Dave Grohl's Grammy speech for Best Album brought the audience to a standing ovation when he championed making music from the heart.
It was a discreet attack on computer production culture, which can leave modern music feeling over-polished and lifeless.
"It's not about being perfect, it's not about sounding absolutely correct, it's not about what goes on in a computer," he told the Grammy audience. "It's about what goes on in [your heart] and what goes on in [your head]."
Grohl thinks more bands should try analog recording, because the freedom of computer production can distract musicians from the real creative process.
"To me the biggest advantage of going analog is the restrictions that it implies, which gets you to perform in a way that you're actually being a human being," Grohl said to Rolling Stone. "We thought about heart and performance. And I would rather people not tune their vocals, I would rather people not grid their drums."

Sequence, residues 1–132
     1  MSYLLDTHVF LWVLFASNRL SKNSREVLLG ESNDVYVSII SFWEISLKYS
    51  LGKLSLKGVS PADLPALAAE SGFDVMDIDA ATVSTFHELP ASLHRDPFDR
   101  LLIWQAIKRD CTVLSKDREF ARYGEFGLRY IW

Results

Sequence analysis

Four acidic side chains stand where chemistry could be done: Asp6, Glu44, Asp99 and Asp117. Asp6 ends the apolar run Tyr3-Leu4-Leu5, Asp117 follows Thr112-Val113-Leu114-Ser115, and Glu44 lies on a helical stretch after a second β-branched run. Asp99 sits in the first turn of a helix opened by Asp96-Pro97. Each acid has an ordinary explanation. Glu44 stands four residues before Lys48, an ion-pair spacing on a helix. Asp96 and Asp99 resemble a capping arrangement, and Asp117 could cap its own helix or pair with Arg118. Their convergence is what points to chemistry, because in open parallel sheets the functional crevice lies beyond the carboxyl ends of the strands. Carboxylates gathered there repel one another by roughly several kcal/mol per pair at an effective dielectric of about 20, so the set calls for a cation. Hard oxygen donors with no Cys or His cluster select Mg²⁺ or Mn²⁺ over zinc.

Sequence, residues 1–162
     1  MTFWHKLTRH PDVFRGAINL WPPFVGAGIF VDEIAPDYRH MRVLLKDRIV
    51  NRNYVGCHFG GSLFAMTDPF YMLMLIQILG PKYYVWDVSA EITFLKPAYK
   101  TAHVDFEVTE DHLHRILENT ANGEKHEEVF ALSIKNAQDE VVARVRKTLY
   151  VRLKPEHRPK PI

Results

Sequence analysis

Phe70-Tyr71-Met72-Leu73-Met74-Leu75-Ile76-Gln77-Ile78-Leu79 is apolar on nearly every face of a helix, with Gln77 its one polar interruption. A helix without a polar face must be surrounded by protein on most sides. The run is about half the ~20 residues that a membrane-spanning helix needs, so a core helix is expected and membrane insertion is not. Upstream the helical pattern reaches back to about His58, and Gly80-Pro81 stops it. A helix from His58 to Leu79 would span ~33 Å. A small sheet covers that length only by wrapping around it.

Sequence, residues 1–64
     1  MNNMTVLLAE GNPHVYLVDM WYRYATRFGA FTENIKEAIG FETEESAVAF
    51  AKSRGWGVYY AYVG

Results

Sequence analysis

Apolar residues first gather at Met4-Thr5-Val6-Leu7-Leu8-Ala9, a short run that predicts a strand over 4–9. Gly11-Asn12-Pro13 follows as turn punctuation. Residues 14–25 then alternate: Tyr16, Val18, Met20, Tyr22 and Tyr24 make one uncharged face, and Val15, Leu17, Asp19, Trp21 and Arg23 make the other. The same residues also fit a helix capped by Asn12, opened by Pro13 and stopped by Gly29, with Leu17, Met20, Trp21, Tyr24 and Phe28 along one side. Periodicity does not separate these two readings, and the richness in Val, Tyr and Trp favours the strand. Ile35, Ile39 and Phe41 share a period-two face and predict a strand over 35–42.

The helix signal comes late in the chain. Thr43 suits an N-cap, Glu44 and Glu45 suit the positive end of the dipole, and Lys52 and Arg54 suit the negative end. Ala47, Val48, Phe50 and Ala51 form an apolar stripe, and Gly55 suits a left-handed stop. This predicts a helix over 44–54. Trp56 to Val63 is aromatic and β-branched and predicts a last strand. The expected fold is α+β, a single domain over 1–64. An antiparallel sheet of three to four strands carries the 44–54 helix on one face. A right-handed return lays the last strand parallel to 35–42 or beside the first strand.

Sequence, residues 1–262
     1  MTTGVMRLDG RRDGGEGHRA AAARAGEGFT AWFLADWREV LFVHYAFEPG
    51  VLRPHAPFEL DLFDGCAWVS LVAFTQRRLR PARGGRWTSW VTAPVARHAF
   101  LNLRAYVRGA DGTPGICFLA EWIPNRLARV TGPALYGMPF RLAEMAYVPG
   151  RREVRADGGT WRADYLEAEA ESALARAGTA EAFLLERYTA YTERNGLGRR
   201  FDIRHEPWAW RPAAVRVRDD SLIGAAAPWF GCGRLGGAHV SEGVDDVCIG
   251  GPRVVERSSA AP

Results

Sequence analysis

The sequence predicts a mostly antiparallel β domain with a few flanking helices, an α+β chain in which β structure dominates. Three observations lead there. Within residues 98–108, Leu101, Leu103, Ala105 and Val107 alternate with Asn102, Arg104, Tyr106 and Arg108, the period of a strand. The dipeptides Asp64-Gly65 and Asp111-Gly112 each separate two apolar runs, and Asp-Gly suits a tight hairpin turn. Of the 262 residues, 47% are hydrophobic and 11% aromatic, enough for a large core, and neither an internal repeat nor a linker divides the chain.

Will younger bands really take on the analog challenge when the equipment or studio rentals can cost so much, compared to affordable laptops and audio interfaces? "Wasting Light" mastering engineer Emily Lazar hopes so.
"I think that would be a phenomenal response because there's nothing like real organic old-school rock and roll," she said. "I think a lot of bands can do it," she says. "They might not be able to achieve the mass appeal that Foo Fighters did, but I think there are a lot of bands that can do it, I'd love to hear them try."
Grohl agrees: "I would rather that bands sound like bands and when you go analog that's kind of what you get."
Watch his acceptance speech here, but note that the Grammy production company keeps taking copies down with copyright claims, so accept our apologies if it doesn't stay online:
Has your band ever recorded in an analog studio, and what were the results like? Do you prefer the freedom of digital? Share your thoughts in the comments.